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Gen 13: September Song

I went through a phase where I very much liked Gen 13. It had all the elements of X-Men (kids with powers, oppressive government, soap opera plotting), but it had busty girls drawn wearing negligees, too (in almost every issue).

Looking back, I can chalk up most of my "like" to the fact that I was young, foolish, and somehow believed J. Scott Campbell had talent in drawing anything other than breasts and hips that somehow flare out from a 3 inch waist. The book was awful: awfully written (want a story where the team travels to the future? Okay, just let me grab my sack of science fiction clichés) and awfully drawn. I was not entirely sad to see it go, and I wish someone would stop giving Campbell work. He's a triple threat: bad writer, bad artist, bad…well that's only two, but it sounds better than "double threat."

Suffice it to say, I said goodbye to Gen 13 and the rest of Wildstorm's product was soon to follow.

Last year the title was re-launched with a new creative team. I deftly ignored it, figuring that Gen 13 had been played out. A year later, this trade comes out…

I hate being wrong.

The book has been taken in a very different direction (as if the first series had a direction), largely in part to the spectacular writing of Chris Claremont and the art of Ale Garza, with inks by Sandra Pope.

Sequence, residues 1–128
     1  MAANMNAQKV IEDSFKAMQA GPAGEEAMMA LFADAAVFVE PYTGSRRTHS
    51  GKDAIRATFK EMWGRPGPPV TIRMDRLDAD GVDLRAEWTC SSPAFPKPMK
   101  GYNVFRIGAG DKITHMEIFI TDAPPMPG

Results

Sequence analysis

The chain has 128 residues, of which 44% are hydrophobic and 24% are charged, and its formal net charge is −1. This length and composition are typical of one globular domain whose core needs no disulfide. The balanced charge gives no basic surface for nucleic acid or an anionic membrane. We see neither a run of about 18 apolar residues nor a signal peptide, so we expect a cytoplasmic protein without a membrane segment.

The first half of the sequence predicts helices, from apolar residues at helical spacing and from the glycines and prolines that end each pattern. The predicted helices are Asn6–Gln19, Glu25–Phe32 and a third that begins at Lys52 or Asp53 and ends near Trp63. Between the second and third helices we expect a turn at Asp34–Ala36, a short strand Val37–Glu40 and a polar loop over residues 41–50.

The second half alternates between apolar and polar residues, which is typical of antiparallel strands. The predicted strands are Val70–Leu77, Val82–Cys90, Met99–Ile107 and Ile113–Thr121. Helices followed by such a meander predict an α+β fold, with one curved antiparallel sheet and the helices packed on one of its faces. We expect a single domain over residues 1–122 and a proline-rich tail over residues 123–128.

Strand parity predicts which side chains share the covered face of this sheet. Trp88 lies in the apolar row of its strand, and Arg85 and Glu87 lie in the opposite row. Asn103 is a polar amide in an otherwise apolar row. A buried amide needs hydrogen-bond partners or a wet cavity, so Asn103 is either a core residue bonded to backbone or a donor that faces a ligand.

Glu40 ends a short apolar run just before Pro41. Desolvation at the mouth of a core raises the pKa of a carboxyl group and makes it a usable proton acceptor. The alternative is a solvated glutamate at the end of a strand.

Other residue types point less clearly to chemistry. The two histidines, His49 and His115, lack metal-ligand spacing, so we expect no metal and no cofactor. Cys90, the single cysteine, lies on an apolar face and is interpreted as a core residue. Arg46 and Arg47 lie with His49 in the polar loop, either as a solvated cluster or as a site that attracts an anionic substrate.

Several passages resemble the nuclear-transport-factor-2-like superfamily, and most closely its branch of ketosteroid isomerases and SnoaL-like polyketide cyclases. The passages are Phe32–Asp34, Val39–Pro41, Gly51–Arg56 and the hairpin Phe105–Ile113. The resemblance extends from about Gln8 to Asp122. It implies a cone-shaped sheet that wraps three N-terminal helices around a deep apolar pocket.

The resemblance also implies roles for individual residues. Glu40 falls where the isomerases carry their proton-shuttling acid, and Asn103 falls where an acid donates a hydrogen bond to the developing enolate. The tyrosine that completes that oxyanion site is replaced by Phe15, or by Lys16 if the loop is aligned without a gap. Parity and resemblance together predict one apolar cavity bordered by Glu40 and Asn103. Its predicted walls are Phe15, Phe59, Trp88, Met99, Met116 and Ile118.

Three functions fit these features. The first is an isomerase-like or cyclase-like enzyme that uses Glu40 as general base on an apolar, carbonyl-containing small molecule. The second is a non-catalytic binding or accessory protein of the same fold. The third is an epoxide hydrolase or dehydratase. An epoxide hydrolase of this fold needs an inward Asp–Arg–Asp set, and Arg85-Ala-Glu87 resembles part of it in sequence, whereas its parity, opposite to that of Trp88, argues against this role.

Ethan's dad died in the World Trade Center while evacuating those trapped inside. He and his twin brother Dylan have been dealing with the death of their father for over a year, as well as helping to keep their family up and running. Then one night, Ethan has a dream where his brother is being attacked, and quickly tackles whatever it is that's doing the attacking. He wakes up with his eyes glowing with silvery flames.

Herod, a being who seems to float around the city giving out powers to whomever, has visited Ethan and left him with this message: "At the appointed time, at the appointed place, you will be judged." Neither Ethan or Dylan seem all that phased by this new development. In fact, in a nice change of pace, Claremont makes the characters excited about getting powers, instead of all guilt-ridden and depressed; take that Uncle Ben. The brothers start to notice a few others who have been "touched" by Herod. Gosh, that sounds dirty.

What follows is a great story of the beginnings of a team, and what's best about it is that Claremont never cheats the reader throughout the whole book. For once, someone wrote a story that takes its time. Not a lot of writers today take the time to slowly work their way into a story arc. They'll take their first issue (the one that more people are likely to pick up) and jam pack the thing with almost every character that will appear in the arc. They'll give the briefest introduction to each, and maybe devote a couple extra pages to the main character. And then they slow it down and get to the story in the second issue.

Claremont begins with characterization in each issue; the first four chapters introduce us to each character and identify their major problems and concerns. While he's doing this, he weaves the plot into the background, moving it along and building it up as we meet each new character. It's incredibly effective in the way it creates suspense.